What is the meaning of super-expensive Cabernet Sauvignon?
I’m amazed by how many Cabernets that cost triple digits I’m seeing lately. Once upon a time, a $300 Cab would have been an older one, with a decade of bottle age to justify its price. Or it might have been a currant release listed on the pages of an expensive restaurant’s wine list, marked up four times its retail price.
But in the last year, I’ve reviewed 156 Cabs and Bordeaux blends that cost $100 or more. That’s more than twice the total number of classified growth Bordeaux (not all of which retail for more than $100 US). And, as you’d expect, nearly all of these costly Cabs come from Napa Valley.
How are we to account for this breathtaking inflation in the price of Cabernet? One possible reason is that proprietors, with their fingers endlessly probing the retail winds, sense a new inclination on the part of the wealthy to spend money. This could be a canary-in-the-coal mine sign of the end of the recession–at least, at the upper end of the income bracket.
However, another theory is far simpler: proprietors have no more clue where the economy’s headed than you or I do, but they do have enough hubris to charge these prices. There’s a herd mentality at the upper end of the boutique winery class that mirrors that of the lower and middle classes of wine. If Fred Franzia establishes a benchmark price for Cabernet (or Pinot Grigio, or whatever), the brands that compete with him are forced to match it, or concede defeat. This is what goes on everyday in the wholesale wars. If Clos du Bois sets a price on a mid-tier Chardonnay, everybody who competes with Clos du Bois has to decide whether or not to meet it or even better it by a buck.
You might think this take-no-prisoners battle doesn’t occur in the rarified, dignified ranks of high-end wineries, but it does. When Screaming Eagle raised their price to $750 a few years ago, all those wineries who feel they compete with Screaming Eagle had to raise their prices. If they didn’t, they believed (correctly or not) that the market would perceive them as inferior to Screaming Eagle–or not caring enough to compete hard with them. In professional sports, the worst reputation an athlete can get is as a guy who doesn’t fight. That’s why Kobe Bryant is such a superstar. No matter what’s happening on the court, the guy is battling it out.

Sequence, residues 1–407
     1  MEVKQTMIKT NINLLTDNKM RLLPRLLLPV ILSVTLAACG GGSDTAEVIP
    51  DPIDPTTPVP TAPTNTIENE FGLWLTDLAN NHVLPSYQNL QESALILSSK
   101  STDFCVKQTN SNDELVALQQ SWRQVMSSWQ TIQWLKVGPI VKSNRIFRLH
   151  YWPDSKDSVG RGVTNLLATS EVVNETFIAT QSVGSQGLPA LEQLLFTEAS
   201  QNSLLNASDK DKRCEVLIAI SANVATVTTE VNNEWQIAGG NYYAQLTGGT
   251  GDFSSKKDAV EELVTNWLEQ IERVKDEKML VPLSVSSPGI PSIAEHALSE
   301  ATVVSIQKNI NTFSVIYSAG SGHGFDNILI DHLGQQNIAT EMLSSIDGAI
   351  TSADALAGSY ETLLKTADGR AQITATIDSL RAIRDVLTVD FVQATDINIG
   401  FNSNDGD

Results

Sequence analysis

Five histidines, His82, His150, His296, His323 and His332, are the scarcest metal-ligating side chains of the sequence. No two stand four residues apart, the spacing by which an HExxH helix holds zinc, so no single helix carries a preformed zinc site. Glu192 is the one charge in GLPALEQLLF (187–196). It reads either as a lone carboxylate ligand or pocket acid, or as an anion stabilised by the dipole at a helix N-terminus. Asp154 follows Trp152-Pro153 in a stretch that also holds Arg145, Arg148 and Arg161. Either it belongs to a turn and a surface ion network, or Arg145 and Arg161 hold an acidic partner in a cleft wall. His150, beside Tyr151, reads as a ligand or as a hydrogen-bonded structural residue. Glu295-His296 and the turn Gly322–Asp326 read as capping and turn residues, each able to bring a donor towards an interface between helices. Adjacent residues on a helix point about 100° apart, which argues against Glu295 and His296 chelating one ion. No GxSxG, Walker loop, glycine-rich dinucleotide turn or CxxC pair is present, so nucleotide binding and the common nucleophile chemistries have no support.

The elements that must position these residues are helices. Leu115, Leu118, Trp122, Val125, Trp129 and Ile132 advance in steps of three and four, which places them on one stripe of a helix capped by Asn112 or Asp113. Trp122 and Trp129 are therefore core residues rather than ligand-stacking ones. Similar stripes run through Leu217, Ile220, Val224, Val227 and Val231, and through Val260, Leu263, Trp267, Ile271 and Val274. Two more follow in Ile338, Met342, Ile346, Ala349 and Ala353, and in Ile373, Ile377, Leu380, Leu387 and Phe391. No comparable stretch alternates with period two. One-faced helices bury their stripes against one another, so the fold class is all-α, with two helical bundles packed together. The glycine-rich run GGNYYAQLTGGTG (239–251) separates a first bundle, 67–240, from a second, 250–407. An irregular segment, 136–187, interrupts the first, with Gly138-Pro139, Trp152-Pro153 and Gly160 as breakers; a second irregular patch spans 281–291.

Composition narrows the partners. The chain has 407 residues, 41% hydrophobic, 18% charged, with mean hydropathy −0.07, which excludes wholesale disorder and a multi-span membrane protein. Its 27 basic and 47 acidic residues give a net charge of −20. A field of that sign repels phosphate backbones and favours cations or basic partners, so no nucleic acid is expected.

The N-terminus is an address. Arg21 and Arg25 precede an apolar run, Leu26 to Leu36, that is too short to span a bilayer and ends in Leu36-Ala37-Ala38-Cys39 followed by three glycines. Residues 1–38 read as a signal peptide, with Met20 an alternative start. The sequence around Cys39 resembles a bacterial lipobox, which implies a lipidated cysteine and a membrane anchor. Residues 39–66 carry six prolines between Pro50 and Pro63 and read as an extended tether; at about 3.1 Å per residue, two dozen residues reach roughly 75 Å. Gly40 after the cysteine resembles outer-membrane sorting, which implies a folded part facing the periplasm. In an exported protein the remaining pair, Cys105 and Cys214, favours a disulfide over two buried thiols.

I called this pricing behavior “hubris” just now, but that may be a little unfair. No one would accuse Kobe of having hubris. Pride, yes. Competitiveness, yes. An utter belief in his ability, yes–that’s confidence. And the belief that, as a leader, he’s got to set an example for his teammates, and for his fans. Looked at that way, the behavior of the high-end Caberent houses in raising prices may be more a function of their belief in themselves and in the quality of their wines, than of any egotistical attention getting.
And let there be no mistake, the great majority of these $100-plus wines are very great in quality. A few outliers scored in the mediocre range, but mostly, these are wines that deserve their scores. Of course, the anti-Napa crowd will carp and complain that they’re all the same, a bunch of overripe, overoaked, high alcohol wines that “pall” after the first sip. That’s the standard gripe: the first sip is delicious, but you can’t finish a second glass, because the wines “tire the palate.”
Which is nonsense, of course. Most people I know would happily drain entire cases of these wines, if they could, which they can’t, because they can’t afford them. Anyhow, I think the reason prices are arching upward is a combination of my two theories: proprietors do sense an easing of tight money among the one (or two, or three) percent, who never were as hurt by the recession as the rest of us. And they do believe in the quality of their product. (I should also mention that these high-end Cabs are extraordinarily expensive to produce, when you consider the vineyard work, the price of new French oak, employee costs and the prices they have to pay to the new class of traveling consultants. Every high-end Cabernet seems to require a retinue of associated famous-name consulting viticulturalists and winemakers.)
Where these prices go in the future, though, is anyone’s guess. A year from now, will there be more or fewer $100-plus Cabs than the 156 I’ve reviewed in the last 365 days? I’ll let you know.